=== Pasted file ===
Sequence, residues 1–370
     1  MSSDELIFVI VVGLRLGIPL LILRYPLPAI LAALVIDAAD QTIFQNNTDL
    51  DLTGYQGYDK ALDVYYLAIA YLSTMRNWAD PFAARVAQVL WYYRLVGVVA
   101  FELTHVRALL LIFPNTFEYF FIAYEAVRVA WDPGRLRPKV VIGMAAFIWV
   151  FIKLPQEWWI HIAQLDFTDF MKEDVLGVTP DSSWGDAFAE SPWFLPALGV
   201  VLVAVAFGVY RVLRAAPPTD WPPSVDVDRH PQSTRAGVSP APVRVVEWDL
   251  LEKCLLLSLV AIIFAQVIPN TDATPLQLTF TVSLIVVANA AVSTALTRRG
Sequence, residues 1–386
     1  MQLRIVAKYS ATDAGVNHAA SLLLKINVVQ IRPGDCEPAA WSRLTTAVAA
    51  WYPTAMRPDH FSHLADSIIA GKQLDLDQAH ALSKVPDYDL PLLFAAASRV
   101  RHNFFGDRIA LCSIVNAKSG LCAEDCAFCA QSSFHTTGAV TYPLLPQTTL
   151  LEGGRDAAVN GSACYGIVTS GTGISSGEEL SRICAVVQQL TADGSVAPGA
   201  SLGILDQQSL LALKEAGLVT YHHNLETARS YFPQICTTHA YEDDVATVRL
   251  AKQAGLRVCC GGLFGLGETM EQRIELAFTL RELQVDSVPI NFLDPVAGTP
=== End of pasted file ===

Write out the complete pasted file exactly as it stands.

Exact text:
Sequence, residues 1–370
     1  MSSDELIFVI VVGLRLGIPL LILRYPLPAI LAALVIDAAD QTIFQNNTDL
    51  DLTGYQGYDK ALDVYYLAIA YLSTMRNWAD PFAARVAQVL WYYRLVGVVA
   101  FELTHVRALL LIFPNTFEYF FIAYEAVRVA WDPGRLRPKV VIGMAAFIWV
   151  FIKLPQEWWI HIAQLDFTDF MKEDVLGVTP DSSWGDAFAE SPWFLPALGV
   201  VLVAVAFGVY RVLRAAPPTD WPPSVDVDRH PQSTRAGVSP APVRVVEWDL
   251  LEKCLLLSLV AIIFAQVIPN TDATPLQLTF TVSLIVVANA AVSTALTRRG
Sequence, residues 1–386
     1  MQLRIVAKYS ATDAGVNHAA SLLLKINVVQ IRPGDCEPAA WSRLTTAVAA
    51  WYPTAMRPDH FSHLADSIIA GKQLDLDQAH ALSKVPDYDL PLLFAAASRV
   101  RHNFFGDRIA LCSIVNAKSG LCAEDCAFCA QSSFHTTGAV TYPLLPQTTL
   151  LEGGRDAAVN GSACYGIVTS GTGISSGEEL SRICAVVQQL TADGSVAPGA
   201  SLGILDQQSL LALKEAGLVT YHHNLETARS YFPQICTTHA YEDDVATVRL
   251  AKQAGLRVCC GGLFGLGETM EQRIELAFTL RELQVDSVPI NFLDPVAGTP